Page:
example. In short, it seems to be not only unique in my personal
experience, but also unique throughout the past history of worldwide
study of craniofacial abnormalities. This is significant.
Specialists who examined the skull and associated X-rays and CAT
Dr. Fred Smith, Head of
Pediatrics, Children’s Hospital, New Orleans, La.
Dr. David Hodges, Radiologist,
Royal Columbian Hospital, New Westminster, B.C.
Dr. John Bachynsky, Radiologist,
New Westminster, B.C.
Dr. Ken Poskitt, Pediatric
Neuroradiologist, Vancouver Children’s Hospital
Dr. Ian Jackson, (formerly of
Mayo Clinic), Craniofacial Plastic Surgeon, Michigan
Dr. John McNicoll, Craniofacial
Plastic Surgeon, Seattle
Dr. Mike Kaburda, Oral Surgeon,
New Westminster, B.C.
Dr. Tony Townsend,
Dr. Hugh Parsons,
Dr David Sweet, Forensic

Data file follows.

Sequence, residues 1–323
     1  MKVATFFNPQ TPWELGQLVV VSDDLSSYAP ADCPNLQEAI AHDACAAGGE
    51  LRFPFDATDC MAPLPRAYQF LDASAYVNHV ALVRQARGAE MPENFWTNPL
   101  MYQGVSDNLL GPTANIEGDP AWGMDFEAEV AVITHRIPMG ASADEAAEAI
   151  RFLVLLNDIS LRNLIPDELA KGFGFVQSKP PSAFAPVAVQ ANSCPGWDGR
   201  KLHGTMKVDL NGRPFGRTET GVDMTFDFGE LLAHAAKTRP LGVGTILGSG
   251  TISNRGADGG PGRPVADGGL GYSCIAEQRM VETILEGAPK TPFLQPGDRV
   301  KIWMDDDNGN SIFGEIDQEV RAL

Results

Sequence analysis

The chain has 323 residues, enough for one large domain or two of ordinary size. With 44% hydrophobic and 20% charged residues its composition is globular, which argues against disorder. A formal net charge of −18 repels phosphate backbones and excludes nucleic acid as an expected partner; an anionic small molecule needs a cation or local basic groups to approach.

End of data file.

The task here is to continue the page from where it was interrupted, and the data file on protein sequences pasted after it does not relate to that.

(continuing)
Dr David Hodges, a radiologist, stated
that the suture lines were open and growing at the time of death.
Dr.David Sweet, an internationally renowned forensic pathologist at
the University of British Columbia, was of the opinion that the
skull was that of a 5-6 year old, based upon the dentition in the
right maxillary fragment.
Though some specialists who looked at the skull disagreed, I have
always supported Dr Sweet in his belief that this was the skull of a
5-6 year old child.
Dr. Bachynsky noted that there is no evidence of erosion of the
inner table of the skull. Such erosion would be consistent with a
diagnosis of hydrocephaly, so this condition can safely be ruled out
as a cause of the abnormalities expressed. Hydrocephaly also causes
a widening of the sutures, again not expressed here. There was